We know that the pay gap has always been around. Economists predict the pandemic will make it worse by erasing progress women have made over the past few decades. Without reliable child care, women are now more likely to drop out of the labor force, cut hours, and turn down projects – hurting their future job prospects.


Read more about the gender pay gap and what your nonprofit can do to help close it.




The Shecession

By Alejandra Y. Castillo, who is the immediate past CEO of YWCA USA and a board member of the National Council of Nonprofits.


The COVID-19 pandemic is like a Russian nesting doll of crises. Open one, and there is another inside.


Alejandra Y. CastilloThe public health emergency produced a painful economic recession. That economic crisis in turn first exposed, and then worsened, the economy’s systemic racial and gender inequities. Eventually, those inequities led to 2.5 million women leaving the workforce, transforming the deep recession into a “shecession.” Decades of progress for women evaporated in 12 months.


At the core of all these crises are the countless victims of the pandemic: the people who lost their lives, loved ones, homes, jobs, or businesses because insufficient social, governmental, and economic structures cruelly failed the very people who the systems were designed to support in the first place.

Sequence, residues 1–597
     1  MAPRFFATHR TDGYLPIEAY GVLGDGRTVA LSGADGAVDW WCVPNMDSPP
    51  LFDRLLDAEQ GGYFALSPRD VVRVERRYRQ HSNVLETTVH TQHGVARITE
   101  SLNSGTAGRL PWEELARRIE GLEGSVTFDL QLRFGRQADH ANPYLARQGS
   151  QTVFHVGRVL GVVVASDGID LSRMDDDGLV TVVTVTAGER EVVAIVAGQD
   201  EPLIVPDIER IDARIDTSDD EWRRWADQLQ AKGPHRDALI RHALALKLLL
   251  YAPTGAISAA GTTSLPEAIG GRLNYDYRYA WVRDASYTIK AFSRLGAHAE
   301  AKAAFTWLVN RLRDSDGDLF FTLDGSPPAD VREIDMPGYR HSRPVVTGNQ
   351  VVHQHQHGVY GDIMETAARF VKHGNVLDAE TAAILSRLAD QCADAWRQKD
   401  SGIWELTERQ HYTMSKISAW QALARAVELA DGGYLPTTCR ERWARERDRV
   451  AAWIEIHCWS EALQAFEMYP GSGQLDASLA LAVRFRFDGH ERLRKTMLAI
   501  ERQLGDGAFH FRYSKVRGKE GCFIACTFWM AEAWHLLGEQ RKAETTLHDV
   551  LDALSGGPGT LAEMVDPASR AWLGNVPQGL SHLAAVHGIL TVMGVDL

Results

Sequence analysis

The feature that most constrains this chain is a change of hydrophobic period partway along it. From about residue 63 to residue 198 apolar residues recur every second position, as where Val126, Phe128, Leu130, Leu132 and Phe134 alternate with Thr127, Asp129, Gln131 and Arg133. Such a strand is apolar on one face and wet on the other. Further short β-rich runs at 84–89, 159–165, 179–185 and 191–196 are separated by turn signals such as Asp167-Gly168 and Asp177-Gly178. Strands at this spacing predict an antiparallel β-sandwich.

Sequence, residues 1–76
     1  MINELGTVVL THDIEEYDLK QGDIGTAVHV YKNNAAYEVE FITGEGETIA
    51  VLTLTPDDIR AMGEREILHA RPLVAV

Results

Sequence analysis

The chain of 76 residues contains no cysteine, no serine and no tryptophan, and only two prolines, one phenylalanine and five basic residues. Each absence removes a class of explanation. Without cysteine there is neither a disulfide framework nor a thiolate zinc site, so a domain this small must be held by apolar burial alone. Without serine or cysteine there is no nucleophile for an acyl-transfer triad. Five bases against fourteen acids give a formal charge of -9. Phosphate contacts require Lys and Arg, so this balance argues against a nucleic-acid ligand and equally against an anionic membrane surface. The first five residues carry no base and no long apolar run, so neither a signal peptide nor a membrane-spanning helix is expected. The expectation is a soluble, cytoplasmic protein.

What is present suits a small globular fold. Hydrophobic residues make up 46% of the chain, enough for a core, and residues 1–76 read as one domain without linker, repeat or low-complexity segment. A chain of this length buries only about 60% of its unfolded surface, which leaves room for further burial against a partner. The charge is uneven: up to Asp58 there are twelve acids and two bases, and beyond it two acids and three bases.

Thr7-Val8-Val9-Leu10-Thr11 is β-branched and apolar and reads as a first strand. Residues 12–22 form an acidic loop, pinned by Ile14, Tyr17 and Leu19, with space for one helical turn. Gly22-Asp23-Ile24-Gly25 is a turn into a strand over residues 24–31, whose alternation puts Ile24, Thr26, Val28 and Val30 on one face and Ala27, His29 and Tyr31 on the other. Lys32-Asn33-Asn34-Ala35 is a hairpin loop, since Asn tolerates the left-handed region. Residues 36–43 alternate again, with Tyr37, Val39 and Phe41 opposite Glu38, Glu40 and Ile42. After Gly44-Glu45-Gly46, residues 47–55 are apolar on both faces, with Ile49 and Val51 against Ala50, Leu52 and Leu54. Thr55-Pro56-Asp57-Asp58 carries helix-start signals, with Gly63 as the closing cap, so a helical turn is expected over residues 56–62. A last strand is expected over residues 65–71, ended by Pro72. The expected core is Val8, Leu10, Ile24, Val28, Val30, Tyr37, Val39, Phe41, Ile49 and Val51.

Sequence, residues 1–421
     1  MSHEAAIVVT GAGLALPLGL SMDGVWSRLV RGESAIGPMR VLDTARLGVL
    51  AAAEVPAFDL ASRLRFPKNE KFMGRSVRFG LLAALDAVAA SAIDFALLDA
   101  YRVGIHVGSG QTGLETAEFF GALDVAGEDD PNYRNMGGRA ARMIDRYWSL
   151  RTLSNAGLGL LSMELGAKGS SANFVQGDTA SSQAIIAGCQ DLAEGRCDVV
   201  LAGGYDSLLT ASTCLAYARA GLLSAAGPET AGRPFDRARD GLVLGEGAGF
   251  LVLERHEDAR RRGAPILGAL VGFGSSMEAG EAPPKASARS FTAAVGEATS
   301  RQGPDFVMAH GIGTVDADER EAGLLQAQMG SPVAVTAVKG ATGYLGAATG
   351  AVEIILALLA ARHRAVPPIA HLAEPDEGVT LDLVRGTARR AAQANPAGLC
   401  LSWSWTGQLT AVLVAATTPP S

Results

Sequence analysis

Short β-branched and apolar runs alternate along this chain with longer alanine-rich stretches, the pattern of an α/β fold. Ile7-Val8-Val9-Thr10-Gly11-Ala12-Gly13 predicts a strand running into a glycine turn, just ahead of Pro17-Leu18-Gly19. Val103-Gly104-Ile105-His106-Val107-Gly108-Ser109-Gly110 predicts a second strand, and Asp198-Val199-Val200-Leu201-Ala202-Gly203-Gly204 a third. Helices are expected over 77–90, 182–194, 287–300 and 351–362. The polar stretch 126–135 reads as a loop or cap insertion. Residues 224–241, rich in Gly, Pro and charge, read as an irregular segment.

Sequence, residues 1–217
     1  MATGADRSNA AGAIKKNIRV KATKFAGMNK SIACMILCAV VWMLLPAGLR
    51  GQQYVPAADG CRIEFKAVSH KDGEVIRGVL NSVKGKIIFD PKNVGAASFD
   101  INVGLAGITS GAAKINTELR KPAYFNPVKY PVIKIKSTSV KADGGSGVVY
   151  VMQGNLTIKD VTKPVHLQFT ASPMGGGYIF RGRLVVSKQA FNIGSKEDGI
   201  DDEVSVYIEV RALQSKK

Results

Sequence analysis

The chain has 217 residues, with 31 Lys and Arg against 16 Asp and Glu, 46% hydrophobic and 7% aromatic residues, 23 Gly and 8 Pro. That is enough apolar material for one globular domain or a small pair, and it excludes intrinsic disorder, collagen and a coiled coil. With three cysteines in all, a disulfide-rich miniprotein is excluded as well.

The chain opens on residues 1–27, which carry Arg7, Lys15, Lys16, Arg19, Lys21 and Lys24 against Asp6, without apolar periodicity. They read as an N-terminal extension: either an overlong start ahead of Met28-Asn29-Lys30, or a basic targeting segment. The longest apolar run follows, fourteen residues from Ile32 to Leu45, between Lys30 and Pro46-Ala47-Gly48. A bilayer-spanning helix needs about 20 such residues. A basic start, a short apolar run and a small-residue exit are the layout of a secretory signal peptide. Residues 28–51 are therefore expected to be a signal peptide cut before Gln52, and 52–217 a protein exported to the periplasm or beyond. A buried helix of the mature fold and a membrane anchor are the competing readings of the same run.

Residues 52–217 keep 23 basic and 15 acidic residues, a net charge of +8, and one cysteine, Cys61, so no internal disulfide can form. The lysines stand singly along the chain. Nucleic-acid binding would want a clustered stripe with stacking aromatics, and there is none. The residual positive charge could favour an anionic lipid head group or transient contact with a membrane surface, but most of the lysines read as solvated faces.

Of course, tackling these kinds of systems failures is nothing new to those of us in the nonprofit world. Our organizations exist to fill the cracks created and/or neglected by such systems.  


Read more about the Shecession.


Mark your calendar for our free webinar about Legacy Giving, hosted by the National Council of Nonprofits and sponsored by Neon One, to be held April 21 at 3:30pm Eastern. In addition to an overview of Legacy Giving, our special guest presenter Joe Tumolo, CEO of Gift Planning Development, will cover simple ways to get started, signs you should be talking to a donor about their legacy, and legacy gifts that people with ordinary incomes can make. Register for our free Legacy Giving webinar today!


Creating Decent Work